Harris Fanaroff

Five Ways the Washington Nationals Manager Embodies Leadership

As many baseball fans across the world are aware, the Washington Nationals came back from a season in which they started 19-31 to ultimately win the World Series. Winning the World Series is an incredible feat but doing so after such a difficult start is truly remarkable. In order to engineer such an incredible turnaround, it takes a true leader and team of leaders to make this happen. Given this remarkable story in my hometown of Washington DC, I wanted to share five ways Davey Martinez (Washington Nationals Manager) displays remarkable leadership traits.

  1. He accepts blame and deflects praise

Throughout the entire season, Davey was the king of accepting blame for struggles and then deflecting praise to his players when things were going well. He got torched by the media and fans when they were 19-31, but he continued to believe in his boys and accepted blame for the poor start. There’s no doubt that he kept the trust of his players by not throwing anyone under the bus. A weak leader would’ve blamed those players on his team, but a strong leader understands he needs his players and never blamed his guys. The manager of the team portrays the culture, and I love this quote from GM Mike Rizzo during their struggles, “Not one person pointed a finger, no anonymous quotes, no clubhouse lawyers, no backbiting,” said Rizzo. “Loyalty. And that’s why we’re here today.”

2. He focuses on the little wins

When they were 12 games under .500, it seemed impossible to climb back and get to where they ended the season, world champions. If they focused on being 12 games under .500, they wouldn’t have been able to make the climb up in the standings to get into the playoffs. Instead, Davey focused on and got his players to believe in the 1-0 mentality. I love Davey’s quote, “Remember, 1-0. 1-0 is not over. 1-0 means waking up tomorrow and winning your day. Win your day.” Davey focused on winning every day and accomplishing what they could every day, and that is what got them to their larger goal.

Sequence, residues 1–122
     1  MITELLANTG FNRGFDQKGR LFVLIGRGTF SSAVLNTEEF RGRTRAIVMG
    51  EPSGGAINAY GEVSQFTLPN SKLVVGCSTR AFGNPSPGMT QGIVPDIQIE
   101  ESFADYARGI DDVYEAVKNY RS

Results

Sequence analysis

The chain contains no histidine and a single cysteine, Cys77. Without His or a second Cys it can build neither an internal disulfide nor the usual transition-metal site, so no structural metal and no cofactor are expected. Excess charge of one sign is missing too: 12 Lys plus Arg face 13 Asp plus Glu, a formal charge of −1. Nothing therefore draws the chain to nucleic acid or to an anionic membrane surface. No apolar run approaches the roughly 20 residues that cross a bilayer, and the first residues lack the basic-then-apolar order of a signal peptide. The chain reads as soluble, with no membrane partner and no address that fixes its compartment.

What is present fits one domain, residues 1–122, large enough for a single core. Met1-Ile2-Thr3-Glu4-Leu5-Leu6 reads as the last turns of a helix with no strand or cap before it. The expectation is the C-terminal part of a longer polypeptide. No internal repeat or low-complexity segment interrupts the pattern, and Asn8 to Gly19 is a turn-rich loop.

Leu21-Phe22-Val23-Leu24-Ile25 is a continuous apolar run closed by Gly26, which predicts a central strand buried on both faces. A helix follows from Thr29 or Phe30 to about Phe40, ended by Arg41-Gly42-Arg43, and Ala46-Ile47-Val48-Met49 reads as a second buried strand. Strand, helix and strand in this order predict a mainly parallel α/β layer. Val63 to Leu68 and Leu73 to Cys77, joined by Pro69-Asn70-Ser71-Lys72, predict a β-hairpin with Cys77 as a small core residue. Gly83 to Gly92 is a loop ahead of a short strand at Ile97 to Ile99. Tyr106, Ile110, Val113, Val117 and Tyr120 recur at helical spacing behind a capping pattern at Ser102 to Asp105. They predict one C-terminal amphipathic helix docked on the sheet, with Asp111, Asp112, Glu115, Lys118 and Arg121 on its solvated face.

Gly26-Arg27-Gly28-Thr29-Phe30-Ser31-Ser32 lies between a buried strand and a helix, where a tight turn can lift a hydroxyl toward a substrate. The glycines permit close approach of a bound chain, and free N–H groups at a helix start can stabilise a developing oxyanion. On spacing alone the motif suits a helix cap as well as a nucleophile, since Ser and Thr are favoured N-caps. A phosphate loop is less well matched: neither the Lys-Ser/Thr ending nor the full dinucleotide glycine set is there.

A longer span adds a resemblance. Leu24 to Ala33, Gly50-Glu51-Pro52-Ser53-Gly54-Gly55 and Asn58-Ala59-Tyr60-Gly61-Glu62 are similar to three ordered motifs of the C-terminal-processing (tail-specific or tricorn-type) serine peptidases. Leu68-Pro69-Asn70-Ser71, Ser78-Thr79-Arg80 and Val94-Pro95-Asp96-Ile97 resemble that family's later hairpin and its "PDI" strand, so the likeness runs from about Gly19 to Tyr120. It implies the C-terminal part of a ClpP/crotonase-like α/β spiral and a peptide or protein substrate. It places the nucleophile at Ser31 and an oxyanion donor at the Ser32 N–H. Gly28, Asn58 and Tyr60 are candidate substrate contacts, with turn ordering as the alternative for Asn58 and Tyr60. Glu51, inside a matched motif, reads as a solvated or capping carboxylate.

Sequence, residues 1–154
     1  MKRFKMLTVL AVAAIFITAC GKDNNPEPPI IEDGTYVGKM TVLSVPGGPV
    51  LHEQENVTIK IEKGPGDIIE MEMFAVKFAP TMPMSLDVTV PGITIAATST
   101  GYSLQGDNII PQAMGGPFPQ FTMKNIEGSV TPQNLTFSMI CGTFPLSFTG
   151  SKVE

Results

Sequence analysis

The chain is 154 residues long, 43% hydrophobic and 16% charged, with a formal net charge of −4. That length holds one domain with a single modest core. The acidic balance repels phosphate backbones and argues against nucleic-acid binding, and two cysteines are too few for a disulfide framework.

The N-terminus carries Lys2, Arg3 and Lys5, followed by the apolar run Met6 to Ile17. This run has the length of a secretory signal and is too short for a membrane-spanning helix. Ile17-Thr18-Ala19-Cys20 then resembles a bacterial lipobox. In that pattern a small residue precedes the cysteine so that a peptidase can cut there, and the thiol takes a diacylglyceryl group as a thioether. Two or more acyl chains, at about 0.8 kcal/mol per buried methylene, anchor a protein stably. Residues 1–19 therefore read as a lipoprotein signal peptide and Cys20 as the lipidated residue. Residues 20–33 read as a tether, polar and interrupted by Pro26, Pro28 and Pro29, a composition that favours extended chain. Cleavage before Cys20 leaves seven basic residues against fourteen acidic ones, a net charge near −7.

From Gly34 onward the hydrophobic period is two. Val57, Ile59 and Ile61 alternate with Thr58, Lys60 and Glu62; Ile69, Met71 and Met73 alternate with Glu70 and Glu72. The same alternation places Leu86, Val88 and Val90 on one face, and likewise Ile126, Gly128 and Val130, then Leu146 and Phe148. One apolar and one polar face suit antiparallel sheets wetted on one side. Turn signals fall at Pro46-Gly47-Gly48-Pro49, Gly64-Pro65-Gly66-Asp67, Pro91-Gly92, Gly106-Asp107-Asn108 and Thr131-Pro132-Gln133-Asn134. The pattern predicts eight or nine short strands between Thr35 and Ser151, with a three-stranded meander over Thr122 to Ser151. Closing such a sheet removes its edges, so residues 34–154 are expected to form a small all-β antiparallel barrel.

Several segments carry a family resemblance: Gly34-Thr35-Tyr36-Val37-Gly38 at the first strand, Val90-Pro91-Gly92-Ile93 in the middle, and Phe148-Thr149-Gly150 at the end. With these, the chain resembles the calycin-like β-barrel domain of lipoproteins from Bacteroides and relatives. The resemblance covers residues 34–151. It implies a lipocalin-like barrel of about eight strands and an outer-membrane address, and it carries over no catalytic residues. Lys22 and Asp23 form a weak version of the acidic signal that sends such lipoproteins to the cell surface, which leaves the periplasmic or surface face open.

3. He keeps a positive mindset

It would’ve been easy for Davey to get down when they were struggling immensely in the beginning of the year. It would’ve been easy for him to change his personality and start being a hard-ass to his players and the other coaches, but Davey remained the same. He remained his usual calm, positive self and that got them out of the funk. I love this from Ryan Zimmerman, Mr. National, which embodies what Davey stands for, “I have had a lot of managers, obviously, and they all come into spring training and say they’re going to stay this way no matter what, we’re going to be here for you, it’s going to be us, we don’t care what anyone says,” Zimmerman said. “And then as soon as stuff goes bad, every manager has pretty much kind of thrown that out the window and sort of gone into self-preservation mode, where Davey, honestly, has stayed the same way. He’s positive every day, his energy, he always trusts his players and has his players’ backs. And I don’t think it’s been any different this year, even when we started as poorly as we did, he stayed the same.”

4. He trusts his people

Many fans and people in the media called for the Nationals to make radical changes to their team when they were 19-31. They said they should trade x player, release x player, but Davey continued to believe in his people and knew they would come around. That belief in his players helped them get to where they ended up as world champions. I love this quote from Davey when the Nationals were at their lowest point, “When we get healthy, we’re going to take off.” Davey never lost the belief in his guys and he got the ultimate reward for it.

5. He stands up for his team

A good leader stands up for his team and makes sure they know he has their back. Davey isn’t one to lose his cool, but in game 6 of the World Series when the umpires made an unbelievably bad call, he stood up for his guys. Davey understood the magnitude of the moment and how his team needed to know that he had their back. He argued a call and ultimately got thrown out of the game. Davey probably knew his actions were going to get him tossed out of the biggest game he’d ever coached, but a good leader always does whatever it takes to stand up for their team. After his ejection post-game Davey shared a quote that sums up his leadership, “I don’t want to sit here and talk about me or the umpires,” Martinez said. “This is not about me or the umpires. This is about the Washington Nationals and those guys in the clubhouse coming to Game 6 and playing lights out, knowing that this could be it. And I’m super proud of them.”